Papers of John Adams, volume 11

From C. W. F. Dumas

From Antoine Marie Cerisier

C. W. F. Dumas to John Adams: A Translation, 14 April 1781 Dumas, Charles William Frederic JA C. W. F. Dumas to John Adams: A Translation, 14 April 1781 Dumas, Charles William Frederic Adams, John
C. W. F. Dumas to John Adams: A Translation
Sir The Hague, 14 April 1781

Although I have still not seen anyone, I am nevertheless taking up my pen to have the honor to tell you, after much deliberation since we left each other, that it seems to me that you cannot pass up, in order to avoid all blame and enmity in coming here for the démarche in question, an initial visit to the French ambassador in order to inform him verbally of your latest commission and letters of credence and of the absolute necessity that this information be conveyed by you directly and immediately to those to whom these letters are addressed. Therefore, by not making the actual démarche, and its essential details, subject to any other viewpoints and objectives other than yours alone, you will conserve the friendship and personal good offices (we must distinguish this from ministerial duties, for which there needs to 259be an order from his court) that will render you the only person in this case, for the present time, to acknowledge and attest openly to them. Whereas an omission of this diplomatic courtesy, and the cool reception which would inevitably follow vis-à-vis those here who defer more and more to the opinion of the ambassador, and whereas he does not have any knowledge of your mission, etc., this would certainly produce an injurious and mortifying effect and destroy, or at least delay for some time, what we want to advance. This, sir, is what I believe to be positive advice, not only for your subsequent personal approval, but also for the good of the cause, and a strategy that will have no bad consequence nor, as you say, a precedent.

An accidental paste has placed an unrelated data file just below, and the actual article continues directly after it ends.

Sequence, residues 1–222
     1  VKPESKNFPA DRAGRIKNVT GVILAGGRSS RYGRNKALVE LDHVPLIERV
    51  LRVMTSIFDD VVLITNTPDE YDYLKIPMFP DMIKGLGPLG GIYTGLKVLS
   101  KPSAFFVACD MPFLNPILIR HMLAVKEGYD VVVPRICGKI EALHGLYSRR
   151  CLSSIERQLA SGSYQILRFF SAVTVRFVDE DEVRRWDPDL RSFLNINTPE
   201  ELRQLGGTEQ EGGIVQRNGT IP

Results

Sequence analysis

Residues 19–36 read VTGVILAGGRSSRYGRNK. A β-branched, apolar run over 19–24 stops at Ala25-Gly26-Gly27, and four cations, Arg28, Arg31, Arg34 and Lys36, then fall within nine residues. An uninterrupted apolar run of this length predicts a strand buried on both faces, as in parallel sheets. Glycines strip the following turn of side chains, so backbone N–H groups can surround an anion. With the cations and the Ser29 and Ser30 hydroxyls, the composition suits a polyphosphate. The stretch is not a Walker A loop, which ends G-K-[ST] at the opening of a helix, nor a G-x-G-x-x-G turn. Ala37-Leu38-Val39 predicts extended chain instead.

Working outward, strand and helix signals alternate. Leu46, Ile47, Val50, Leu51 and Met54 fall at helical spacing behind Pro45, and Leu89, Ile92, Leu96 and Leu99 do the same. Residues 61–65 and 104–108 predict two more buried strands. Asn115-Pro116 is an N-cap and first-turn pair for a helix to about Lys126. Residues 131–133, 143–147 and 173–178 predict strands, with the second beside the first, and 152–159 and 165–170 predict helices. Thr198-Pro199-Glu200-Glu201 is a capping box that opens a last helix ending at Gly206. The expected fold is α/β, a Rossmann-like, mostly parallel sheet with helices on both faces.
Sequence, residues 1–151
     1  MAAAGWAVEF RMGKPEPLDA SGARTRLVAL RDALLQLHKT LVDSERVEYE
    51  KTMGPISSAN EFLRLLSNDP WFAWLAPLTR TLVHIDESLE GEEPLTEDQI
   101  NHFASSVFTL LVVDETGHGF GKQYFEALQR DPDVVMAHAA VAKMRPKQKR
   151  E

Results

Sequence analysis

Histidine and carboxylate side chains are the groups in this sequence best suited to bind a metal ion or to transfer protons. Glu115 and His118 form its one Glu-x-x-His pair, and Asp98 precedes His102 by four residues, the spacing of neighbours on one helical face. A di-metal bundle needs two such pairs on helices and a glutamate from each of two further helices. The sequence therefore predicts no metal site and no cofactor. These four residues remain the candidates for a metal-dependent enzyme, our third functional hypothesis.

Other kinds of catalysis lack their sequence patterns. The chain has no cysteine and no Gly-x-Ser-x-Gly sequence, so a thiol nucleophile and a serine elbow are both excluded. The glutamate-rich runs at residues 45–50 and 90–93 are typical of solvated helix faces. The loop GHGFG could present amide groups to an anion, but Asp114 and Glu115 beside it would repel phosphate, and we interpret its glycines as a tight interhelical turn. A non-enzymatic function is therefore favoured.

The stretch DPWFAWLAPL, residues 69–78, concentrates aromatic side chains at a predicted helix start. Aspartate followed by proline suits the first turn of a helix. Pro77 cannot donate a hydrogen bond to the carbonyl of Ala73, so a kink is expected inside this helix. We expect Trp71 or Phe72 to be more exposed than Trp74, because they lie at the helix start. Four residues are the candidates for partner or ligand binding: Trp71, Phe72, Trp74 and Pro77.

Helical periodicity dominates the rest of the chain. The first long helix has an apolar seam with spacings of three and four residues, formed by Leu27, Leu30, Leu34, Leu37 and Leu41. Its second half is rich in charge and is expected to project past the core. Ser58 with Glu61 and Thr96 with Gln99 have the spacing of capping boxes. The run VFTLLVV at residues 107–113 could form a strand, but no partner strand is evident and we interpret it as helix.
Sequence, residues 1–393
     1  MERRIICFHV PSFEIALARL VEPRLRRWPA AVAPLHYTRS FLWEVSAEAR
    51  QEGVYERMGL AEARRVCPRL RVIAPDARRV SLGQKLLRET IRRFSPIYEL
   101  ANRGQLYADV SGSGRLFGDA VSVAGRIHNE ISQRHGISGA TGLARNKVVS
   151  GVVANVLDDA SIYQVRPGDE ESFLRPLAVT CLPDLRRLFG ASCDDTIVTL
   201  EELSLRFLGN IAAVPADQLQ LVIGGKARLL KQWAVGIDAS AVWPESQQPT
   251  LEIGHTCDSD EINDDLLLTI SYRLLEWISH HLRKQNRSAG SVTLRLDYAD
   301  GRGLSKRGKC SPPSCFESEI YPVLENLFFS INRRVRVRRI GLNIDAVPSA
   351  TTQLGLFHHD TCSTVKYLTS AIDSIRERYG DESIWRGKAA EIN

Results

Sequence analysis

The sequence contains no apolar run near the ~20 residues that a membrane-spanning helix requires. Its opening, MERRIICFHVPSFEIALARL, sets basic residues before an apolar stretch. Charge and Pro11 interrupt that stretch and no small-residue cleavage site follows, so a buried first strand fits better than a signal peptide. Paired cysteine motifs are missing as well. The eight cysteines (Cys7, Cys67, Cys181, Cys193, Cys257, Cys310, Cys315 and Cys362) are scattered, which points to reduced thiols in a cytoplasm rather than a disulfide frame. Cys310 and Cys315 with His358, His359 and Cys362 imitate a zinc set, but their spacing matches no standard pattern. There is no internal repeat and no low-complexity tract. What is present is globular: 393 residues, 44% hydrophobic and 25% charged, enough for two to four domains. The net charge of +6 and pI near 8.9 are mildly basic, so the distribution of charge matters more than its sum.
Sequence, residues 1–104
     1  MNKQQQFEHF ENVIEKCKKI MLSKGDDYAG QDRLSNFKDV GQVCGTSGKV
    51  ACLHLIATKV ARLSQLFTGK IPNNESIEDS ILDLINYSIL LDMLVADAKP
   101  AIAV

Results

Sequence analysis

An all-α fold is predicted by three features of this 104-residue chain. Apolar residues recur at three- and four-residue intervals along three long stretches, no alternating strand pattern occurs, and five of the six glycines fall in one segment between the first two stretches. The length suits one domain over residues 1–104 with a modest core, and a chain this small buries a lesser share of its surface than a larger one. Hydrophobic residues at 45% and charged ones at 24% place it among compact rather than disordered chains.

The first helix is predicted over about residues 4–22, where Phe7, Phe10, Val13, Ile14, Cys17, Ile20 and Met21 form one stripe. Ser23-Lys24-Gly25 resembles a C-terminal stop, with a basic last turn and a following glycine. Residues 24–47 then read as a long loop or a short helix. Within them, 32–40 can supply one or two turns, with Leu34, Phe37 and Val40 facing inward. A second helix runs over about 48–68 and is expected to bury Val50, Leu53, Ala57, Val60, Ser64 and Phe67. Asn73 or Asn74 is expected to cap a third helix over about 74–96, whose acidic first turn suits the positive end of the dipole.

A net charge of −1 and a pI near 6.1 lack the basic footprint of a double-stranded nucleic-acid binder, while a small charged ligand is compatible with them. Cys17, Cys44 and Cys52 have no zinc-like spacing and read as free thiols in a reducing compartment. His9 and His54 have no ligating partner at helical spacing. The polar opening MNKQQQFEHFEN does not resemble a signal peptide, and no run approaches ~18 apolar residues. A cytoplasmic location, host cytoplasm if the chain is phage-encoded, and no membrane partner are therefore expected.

I received news from Paris: “We are sending a squadron to Texel. It will be well commanded. We are beginning to hope that the five ships of the line, and the 2,000 men that we sent to the Cape, will arrive before Johnstone, who does not have enough forces anyway to measure up to our five vessels.”

I have the honor to be with very great respect, sir, your very humble and very obedient servant


RC (Adams Papers).